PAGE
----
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What fabulous nectar does the following tasting note conjure up?

“…notes of tangerine, candied orange, cooked peach, stone fruits and hint of lavender on the back of palate.”

A sweet Loire Chenin Blanc? A Muscat de Beaumes de Venise? Perhaps even a Tokaji Aszú? Nope; it’s the Equinox Seasonal Blend from Union Coffee Roasters.

If you went back to read the note again, that makes it one of the few tasting notes, of coffee or of wine, ever to be read twice by the same person. That’s because although they are the primary building blocks of wine communication, all too often they are soul-sappingly dull to read. There are several reasons for this, but as writers – and as readers – there are ways we can improve the lines of communication. As we’ve already seen, context is vital, but it’s not the only consideration when writing, and reading, a tasting note.

Unlike an image or a sound, smells and flavours aren’t easy to record. I’d love to email you a high-res copy of the smell of the Condrieu I’m drinking, but instead I can only describe it. Tasting notes are a necessary evil.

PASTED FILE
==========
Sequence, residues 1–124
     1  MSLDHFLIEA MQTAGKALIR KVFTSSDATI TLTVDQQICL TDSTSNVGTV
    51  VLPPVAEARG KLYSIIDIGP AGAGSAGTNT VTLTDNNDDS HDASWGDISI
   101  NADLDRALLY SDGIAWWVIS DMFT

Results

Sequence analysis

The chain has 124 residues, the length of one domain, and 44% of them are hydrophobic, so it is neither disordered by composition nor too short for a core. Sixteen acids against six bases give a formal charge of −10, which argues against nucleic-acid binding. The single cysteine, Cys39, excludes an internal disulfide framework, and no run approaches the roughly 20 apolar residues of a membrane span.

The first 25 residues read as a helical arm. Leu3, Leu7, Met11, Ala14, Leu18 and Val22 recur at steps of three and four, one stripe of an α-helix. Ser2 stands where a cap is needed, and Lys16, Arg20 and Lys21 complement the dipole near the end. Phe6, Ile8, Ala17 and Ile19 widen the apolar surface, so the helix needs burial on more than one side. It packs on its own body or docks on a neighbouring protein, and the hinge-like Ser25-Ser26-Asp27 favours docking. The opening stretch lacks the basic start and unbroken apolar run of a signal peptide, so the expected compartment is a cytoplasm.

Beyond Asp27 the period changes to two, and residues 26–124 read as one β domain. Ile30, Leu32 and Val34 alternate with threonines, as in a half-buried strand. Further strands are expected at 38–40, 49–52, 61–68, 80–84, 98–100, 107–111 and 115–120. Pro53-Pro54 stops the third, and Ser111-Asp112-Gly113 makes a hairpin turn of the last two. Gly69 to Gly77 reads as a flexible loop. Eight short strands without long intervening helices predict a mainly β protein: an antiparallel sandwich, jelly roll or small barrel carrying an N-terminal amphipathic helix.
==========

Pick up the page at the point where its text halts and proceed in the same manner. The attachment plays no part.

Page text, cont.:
There are two stylistic camps of tasting note. Both attempt to communicate the characteristics of a wine, but their respective methods are very different. Firstly there is the analytical approach. The intention here is to produce a clear and relatively objective depiction of the wine. It’s a laudable aim, but the results are often repetitive and joyless; the jottings of a jobsworth with a ruler for a tongue.

Secondly, we have the impressionistic tasting note. No ‘medium minus acidity, medium plus tannin’ here. Rather than what was registered with the senses, what was felt takes precedence; the impression that the wine made upon the taster and their reaction to it. These notes are more likely to include emotion, memories and cultural references, which makes them more human and entertaining. But they risk being so subjective that they alienate readers: at their worst they sound like the ramblings of Kate Bush on magic mushrooms.